Ilhan Omar Again Sets Off a Fight Among Democrats

  • Politics
  • Ilhan Omar Again Sets Off a Fight Among Democrats

WASHINGTON — Representative Ilhan Omar is again at odds with her Democratic colleagues over Israel, but this time, she has brought her own country into the mix.

The latest contretemps began on Monday, when Ms. Omar, Democrat of Minnesota, wrote on Twitter about a virtual exchange she had with Secretary of State Antony J. Blinken. In the actual exchange, Ms. Omar pressed for an investigation of human rights abuses both by Israeli security forces and by Hamas. But on Twitter, she seemed to compare Israel and the United States not only to Hamas, considered a terrorist group by the State Department, but also to the Taliban.

“We must have the same level of accountability and justice for all victims of crimes against humanity,” she wrote. “We have seen unthinkable atrocities committed by the U.S., Hamas, Israel, Afghanistan, and the Taliban.”

The analogy prompted outrage from a dozen Jewish Democrats in the House. They issued a statement saying that equating the United States and Israel to Hamas and the Taliban “is as offensive as it is misguided,” and, in congressional parlance usually meant to elicit an apology, they asked her to “clarify her words.”

“Ignoring the differences between democracies governed by the rule of law and contemptible organizations that engage in terrorism at best discredits one’s intended argument and at worst reflects deep-seated prejudice,” they wrote. “The United States and Israel are imperfect and, like all democracies, at times deserving of critique, but false equivalencies give cover to terrorist groups.”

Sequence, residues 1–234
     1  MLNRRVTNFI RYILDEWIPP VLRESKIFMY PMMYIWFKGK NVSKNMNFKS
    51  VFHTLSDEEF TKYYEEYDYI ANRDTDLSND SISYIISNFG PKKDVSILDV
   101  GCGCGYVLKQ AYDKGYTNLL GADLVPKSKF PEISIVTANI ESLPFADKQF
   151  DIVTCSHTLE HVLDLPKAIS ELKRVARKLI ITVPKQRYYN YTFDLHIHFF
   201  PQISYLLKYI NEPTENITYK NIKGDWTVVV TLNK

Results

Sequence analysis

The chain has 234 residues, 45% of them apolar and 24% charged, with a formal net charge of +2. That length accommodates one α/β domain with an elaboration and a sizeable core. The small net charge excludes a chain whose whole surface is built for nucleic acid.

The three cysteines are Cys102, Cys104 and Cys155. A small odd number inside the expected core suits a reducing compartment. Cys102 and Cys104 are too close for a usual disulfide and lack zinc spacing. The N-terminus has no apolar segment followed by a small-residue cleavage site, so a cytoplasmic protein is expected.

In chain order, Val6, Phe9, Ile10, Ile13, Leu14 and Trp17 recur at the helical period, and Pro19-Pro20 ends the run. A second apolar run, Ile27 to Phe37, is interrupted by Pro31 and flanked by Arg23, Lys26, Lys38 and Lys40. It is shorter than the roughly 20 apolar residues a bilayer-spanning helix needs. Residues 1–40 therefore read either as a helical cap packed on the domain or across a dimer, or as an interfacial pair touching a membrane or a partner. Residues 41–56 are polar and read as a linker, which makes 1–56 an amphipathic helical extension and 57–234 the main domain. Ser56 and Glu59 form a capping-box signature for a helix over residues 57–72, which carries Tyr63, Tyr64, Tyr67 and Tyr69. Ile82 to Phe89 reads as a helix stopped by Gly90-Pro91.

Rather than apologize, Ms. Omar fired off a defiant response on Thursday morning.

“It’s shameful for colleagues who call me when they need my support to now put out a statement asking for ‘clarification’ and not just call,” wrote Ms. Omar, one of two Muslim women in the House, accusing her detractors of bigotry. “The Islamophobic tropes in this statement are offensive. The constant harassment & silencing from the signers of this letter is unbearable.”

A House Democratic aide familiar with the back-and-forth said Ms. Omar’s anger stemmed from her treatment by the dozen colleagues who publicly upbraided her. She had heard that they were going to publicly call for a clarification of her remarks and reached out to some of them several times on Wednesday. They did not respond before their public chastisement, said the aide, who spoke on condition of anonymity to describe private discussions.

Representative Rashida Tlaib, Democrat of Michigan and the House’s only Palestinian American, who has called Israel’s policies “apartheid” and “racist,” defended Ms. Omar.

“I am tired of colleagues (both D+R) demonizing @IlhanMN,” she wrote on Twitter on Thursday. “Their obsession with policing her is sick. She has the courage to call out human rights abuses no matter who is responsible. That’s better than colleagues who look away if it serves their politics.”